Sustainable Energy Systems, M.Eng. Focus
Earn a Master of Engineering in Sustainable Energy Systems and become an important part of the energy solution.
CEE is now offering CEE and Engineering Management courses addressing sustainable energy systems.
- CEE 4210 - Renewable Energy Systems
- CEE 4565/6565 - Waste Water Processes and Resources Recovery
- CEE 4660 - Modeling and Computation for Infrastructure Systems
- CEE 5420 - Energy Technologies and Subsurface Resources
- CEE 5970- Risk Analysis and Management
- ENMGT 6095 - Economics of the Energy Transition
Sustainable energy is a challenging and exciting field in which engineering students can apply their skills.
Sustainable energy projects combine environmental analysis of pollution reduction and climate protection benefits of energy technologies, as well as the economic feasibility assessment of investment. A wide range of energy resources that do not emit greenhouse gases in their end use are under development in the U.S. and many other countries, including wind, solar, hydro, biomass, and geothermal, among others. At the same time, these primary energy sources must be adapted and transformed for applications such as electricity generation, heating and cooling of buildings, and transportation of passengers and freight. Trends in government policy toward reducing emissions, the willingness of investors to commit funding, and local support of or opposition to energy projects play a role as well.
|Course Number||Course Title|
|MAE 4020||Wind Power|
|MAE 4120||Community Wind Energy Research|
|CEE 4210||Renewable Energy Systems|
|CEE 4565/6565||Waste Water Processes and Resources Recovery|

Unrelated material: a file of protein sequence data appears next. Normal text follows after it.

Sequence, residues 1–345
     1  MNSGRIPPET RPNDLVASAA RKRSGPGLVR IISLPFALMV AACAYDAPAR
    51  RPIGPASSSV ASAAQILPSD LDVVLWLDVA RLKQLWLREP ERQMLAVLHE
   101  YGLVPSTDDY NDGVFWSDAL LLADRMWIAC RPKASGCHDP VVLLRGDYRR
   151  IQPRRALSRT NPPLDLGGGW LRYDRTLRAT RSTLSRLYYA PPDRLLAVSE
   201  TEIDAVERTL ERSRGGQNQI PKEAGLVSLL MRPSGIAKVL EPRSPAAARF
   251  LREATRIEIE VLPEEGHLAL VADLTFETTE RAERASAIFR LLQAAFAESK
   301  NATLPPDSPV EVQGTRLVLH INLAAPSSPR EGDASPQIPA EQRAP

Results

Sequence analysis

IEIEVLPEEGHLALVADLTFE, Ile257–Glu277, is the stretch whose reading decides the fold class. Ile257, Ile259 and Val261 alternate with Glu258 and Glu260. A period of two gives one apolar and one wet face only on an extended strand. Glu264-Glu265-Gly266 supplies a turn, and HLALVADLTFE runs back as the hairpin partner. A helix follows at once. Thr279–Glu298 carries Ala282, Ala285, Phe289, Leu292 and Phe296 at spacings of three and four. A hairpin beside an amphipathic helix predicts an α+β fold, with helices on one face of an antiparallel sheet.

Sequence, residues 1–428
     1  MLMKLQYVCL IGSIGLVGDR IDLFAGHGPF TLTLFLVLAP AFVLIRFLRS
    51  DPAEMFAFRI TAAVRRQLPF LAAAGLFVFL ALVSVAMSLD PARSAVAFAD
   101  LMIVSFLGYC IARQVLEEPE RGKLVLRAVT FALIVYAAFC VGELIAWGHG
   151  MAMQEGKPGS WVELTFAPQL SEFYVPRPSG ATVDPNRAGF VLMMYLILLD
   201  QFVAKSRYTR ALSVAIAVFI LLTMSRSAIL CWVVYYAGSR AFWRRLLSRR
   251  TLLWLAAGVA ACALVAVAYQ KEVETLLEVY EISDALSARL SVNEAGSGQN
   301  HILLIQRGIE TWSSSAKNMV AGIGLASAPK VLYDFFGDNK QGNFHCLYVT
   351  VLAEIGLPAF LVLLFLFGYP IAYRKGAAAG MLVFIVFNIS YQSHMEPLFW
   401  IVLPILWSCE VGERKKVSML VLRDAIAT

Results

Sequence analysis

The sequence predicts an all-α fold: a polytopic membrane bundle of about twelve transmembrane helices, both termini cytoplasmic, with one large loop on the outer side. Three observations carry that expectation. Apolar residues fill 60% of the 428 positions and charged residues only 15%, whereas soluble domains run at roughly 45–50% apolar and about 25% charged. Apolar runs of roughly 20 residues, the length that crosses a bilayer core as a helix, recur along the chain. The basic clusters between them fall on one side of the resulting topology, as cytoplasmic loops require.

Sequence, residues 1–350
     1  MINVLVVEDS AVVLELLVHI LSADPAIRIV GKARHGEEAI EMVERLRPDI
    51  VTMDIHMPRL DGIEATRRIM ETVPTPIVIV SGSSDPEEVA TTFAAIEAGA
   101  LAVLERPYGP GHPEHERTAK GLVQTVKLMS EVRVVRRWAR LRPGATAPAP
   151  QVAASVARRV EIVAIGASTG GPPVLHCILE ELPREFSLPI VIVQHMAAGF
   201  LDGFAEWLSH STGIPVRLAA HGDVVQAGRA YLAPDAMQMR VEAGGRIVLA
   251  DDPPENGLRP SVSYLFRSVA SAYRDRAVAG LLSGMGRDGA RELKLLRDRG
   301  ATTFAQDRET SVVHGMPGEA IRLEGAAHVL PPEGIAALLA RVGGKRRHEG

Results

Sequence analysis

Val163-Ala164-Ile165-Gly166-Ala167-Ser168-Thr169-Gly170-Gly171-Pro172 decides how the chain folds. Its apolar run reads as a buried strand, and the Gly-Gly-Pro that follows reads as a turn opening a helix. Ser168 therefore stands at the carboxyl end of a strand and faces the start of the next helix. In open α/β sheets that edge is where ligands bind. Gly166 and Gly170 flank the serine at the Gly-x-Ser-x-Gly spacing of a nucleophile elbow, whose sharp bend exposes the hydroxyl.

|EAS 4570||Atmospheric Air Pollution|
|CEE 4660||Modeling and Computation for Infrastructure Systems|
|BEE 4760||Solid Waste Engineering|
|BEE 4870||Sustainable Bioenergy Systems|
|MAE 5010||Future Energy Systems|
|CEE 5420||Energy Technologies and Subsurface Resources|
|CEE 5970||Risk Analysis and Management|
|ENMGT 6095||Economics of the Energy Transition|
|EAS/MAE 6480||Air Quality & Atmospheric Chemistry (Offered Alternate Years)|
|CEE 6648||Sustainable Transportation System Design|
Sustainable Energy Systems, M.Eng. specialization project
The M.Eng. program requires an engineering project of 3-6 units over 1-2 semesters.
Local Sustainable Energy Alternatives for Cornell and Surrounding Areas
Environmental Engineers have in recent years participated in Master of Engineering Team Projects to assess the feasibility of carbon-free energy alternatives around Cornell, the City of Ithaca, and surrounding Tompkins County. These sustainable energy projects combine environmental analysis of pollution reduction and climate protection benefits of energy technologies, as well as economic feasibility assessment of investment in them.
Past local partners include the Ithaca Area Waste Water Treatment Facility (IAWWTF), the Chainworks District project to repurpose the former Emerson Transmission plant on Ithaca’s South Hill, the Cayuga Medical Center, and our local public transportation provider Tompkins Consolidated Area Transit (TCAT). Some projects seek to increase local production of renewable energy from solar, wind, hydro, or biomass. Others capture energy resources from the waste stream, including heat and biological content in waste water as well as waste food and municipal solid waste. There is interest at IAWWTF in an emerging technology known as Effluent Thermal Energy Recover, or ETER, whereby thermal energy in treated wastewater is extracted and distributed for space heating purposes in buildings. In summer, the wastewater can be used as a heat sink for cooling buildings.
A goal is to combine energy generation with improved resiliency through the development of energy microgrids and district heating and cooling systems, which have been studied as well in some of the projects. Environmental M.Eng. students interact with M.Eng. students from other majors on these projects, and have an opportunity to present findings to the community and circulate their final reports among local stakeholders.
For additional information, see: